The Youth Motivational Speaker - Students of Excellence™ Assemblies /FUN & Informing/ Youth Developmental Assets/Character Education / Red Ribbon Week Speaker VOTED "the MOST ENCOURAGING & EMPOWERING" of ALL Youth Motivational Speakers - Dr. Adolph Brown

The Students of Excellence™ Youth Motivational Programs/Educational Student Assemblies are real-life character-education data-driven evidence based Positive Youth Development programs of motivation and education for students of all levels. Students of Excellence Assembly not only addresses many factors that may place students at risk and contribute to a student’s decision to drop out of school, it promotes protective factors to increase academic achievement, enhance self-efficacy, and promote personal accountability and responsibility.

Laughing Kids   Laughing Kids  
Doc and Kids   Doc and Kids 
Doc and Teenagers   Doc and teenagers 


Unlike most school assemblies & youth motivational speakers, Dr. Adolph Brown uses humor punctuated by seriousness with attention-getting strategies and techniques of a master teacher to engage ALL in attendance with life altering and life-style changing messages. Dr. Brown is a certified master teacher and clinical/educational psychologist widely known as one of the most reputable &  effective youth motivational speakers for k-12 students, colleges, charter schools and private schools.  One of Doc's favorite professional activities is speaking to, mentoring, and coaching high risk youth.  He also looks forward to speaking to AVID program participants in small focus groups following his role as a student assembly speaker. Dr. Brown also enjoys presenting as an inspiring Red Ribbon Week Speaker, MLK speaker, as a middle and high school at-risk youth speaker to empower youth resilency with the 40 Developmental Assets and as a student & youth services professional.  Students from all walks of life report remembering and implementing Dr. Brown’s strategies long after The Students of Excellence™ Assembly:

The following list was adapted from the publication by SE Wells (1990) At Risk Youth: Identification, Programs, and Recommendations and the Massachusetts Department of Education 1989 report Changing Schools and Communities: A Systematic Approach to Dropout Prevention. (Dr. Brown touches on the majority of the risk factors listed within an hour presentation) Program hosts are encouraged to select relevant audience risk factors for Dr. Brown to include in his address. A Follow-up PDF Overview is provided to teachers, counselors, parents, guardians, and coaches to reinforce the lessons prescribed in each presentation.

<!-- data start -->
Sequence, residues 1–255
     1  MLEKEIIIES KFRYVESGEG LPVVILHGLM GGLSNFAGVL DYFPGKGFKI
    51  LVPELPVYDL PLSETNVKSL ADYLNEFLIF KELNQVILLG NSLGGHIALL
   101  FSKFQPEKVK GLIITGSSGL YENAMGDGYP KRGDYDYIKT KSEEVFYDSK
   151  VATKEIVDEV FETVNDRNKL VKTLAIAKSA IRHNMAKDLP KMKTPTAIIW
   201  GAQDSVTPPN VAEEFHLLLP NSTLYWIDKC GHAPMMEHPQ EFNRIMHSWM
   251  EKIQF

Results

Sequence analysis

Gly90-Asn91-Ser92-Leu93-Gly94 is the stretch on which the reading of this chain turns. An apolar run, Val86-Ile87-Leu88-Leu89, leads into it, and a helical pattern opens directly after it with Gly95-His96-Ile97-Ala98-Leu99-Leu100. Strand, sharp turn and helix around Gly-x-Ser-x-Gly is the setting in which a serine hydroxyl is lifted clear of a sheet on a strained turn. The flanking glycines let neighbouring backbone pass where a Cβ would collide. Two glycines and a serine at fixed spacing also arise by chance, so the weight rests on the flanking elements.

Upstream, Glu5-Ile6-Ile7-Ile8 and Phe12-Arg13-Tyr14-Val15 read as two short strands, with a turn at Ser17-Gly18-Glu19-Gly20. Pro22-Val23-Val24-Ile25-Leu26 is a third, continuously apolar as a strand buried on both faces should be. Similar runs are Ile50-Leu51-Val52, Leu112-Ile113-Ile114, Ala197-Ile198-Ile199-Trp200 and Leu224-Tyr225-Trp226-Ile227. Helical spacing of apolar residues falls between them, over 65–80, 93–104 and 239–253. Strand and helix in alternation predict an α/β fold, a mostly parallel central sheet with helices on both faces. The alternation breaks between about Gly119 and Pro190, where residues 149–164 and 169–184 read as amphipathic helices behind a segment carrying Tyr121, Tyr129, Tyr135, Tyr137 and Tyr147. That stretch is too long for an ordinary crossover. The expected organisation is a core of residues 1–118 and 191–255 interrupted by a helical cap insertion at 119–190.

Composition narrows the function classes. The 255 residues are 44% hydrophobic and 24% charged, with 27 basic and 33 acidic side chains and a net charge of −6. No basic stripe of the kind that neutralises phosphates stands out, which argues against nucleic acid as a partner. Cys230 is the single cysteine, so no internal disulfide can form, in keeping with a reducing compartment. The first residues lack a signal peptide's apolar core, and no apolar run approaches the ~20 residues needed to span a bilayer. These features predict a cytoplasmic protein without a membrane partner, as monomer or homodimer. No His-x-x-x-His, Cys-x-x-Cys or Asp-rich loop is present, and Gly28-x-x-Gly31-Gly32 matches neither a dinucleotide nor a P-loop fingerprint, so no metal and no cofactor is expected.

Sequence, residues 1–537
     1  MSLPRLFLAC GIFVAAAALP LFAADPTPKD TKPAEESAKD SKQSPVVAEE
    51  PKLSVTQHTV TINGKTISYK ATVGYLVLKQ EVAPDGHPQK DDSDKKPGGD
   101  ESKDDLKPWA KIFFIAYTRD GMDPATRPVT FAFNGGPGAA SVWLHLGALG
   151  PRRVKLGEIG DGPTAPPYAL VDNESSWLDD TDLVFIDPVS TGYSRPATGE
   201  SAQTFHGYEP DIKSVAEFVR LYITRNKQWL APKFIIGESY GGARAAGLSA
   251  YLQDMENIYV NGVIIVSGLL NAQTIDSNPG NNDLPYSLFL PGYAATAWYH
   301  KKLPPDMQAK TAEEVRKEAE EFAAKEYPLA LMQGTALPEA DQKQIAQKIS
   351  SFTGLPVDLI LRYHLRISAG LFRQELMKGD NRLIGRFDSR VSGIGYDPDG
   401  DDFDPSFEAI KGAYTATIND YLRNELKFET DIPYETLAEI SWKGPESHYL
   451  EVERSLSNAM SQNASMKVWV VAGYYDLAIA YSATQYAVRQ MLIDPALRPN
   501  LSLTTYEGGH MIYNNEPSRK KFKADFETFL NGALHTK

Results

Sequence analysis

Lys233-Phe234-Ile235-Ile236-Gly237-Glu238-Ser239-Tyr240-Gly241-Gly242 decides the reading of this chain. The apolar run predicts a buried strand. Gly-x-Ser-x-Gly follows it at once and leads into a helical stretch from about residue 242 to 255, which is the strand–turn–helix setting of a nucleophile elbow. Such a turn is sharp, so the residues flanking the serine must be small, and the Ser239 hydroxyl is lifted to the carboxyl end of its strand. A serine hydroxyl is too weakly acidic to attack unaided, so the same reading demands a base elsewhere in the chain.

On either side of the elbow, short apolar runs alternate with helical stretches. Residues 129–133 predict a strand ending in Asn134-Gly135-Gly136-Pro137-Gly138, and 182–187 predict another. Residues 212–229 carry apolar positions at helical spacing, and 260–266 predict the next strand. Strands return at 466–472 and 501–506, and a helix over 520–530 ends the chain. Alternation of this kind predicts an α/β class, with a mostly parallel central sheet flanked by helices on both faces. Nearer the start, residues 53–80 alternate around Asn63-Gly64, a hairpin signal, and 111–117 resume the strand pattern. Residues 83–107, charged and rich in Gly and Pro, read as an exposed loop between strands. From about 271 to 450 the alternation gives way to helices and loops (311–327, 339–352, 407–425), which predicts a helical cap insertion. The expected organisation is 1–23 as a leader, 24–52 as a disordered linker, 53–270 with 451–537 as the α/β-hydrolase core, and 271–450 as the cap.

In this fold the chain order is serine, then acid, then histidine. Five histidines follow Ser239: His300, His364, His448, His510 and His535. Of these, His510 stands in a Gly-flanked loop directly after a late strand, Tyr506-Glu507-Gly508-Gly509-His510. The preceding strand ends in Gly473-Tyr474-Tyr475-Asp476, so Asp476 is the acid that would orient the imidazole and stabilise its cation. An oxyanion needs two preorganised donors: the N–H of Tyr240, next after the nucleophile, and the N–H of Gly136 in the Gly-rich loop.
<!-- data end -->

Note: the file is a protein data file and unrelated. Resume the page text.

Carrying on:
Examples of School Factors:

  • Excessive use of discipline methods such as suspensions
  • Disregard of individual student learning styles
  • Institutional racism
  • Lack of relevant curriculum
  • Large enrollment/class size
  • Lack of language instruction
  • Lack of participation in school governance by key constituents
  • Lack of effective student assessment
  • Lack of diversity in instructional styles
  • Lack of professional development opportunities
  • Lack of cross-cultural sensitivity
  • Lack of appropriate role models
  • Low expectations from staff
  • Low parent/community involvement in school
  • Negative and/or unsafe school environment
  • Passive instructional strategies
  • Raised academic standards without adequate school support
  • Rigid daily and weekly schedules
  • Segregation by ability grouping or tracking

Examples of Community Factors:

  • Lack of community support services
  • Lack of community support for schools and linkages with schools
  • High incidence of criminal activity
  • Unsafe neighborhoods
  • High unemployment
  • Exploitation of youth, including sex trafficking
  • Lack of adequate health care
  • Lack of affordable housing
  • Proliferation of controlled substances

Examples of Family/Home Factors:

  • Low socioeconomic status
  • Numerous family responsibilities
  • No parental involvement in school
  • Low parental expectations
  • Non-English speaking home
  • Child abuse or neglect
  • Domestic violence
  • High mobility
  • Homelessness
  • Little opportunity for learning outside of school
  • Low educational attainment of parent(s)

pdf iconPDF Follow Up Overview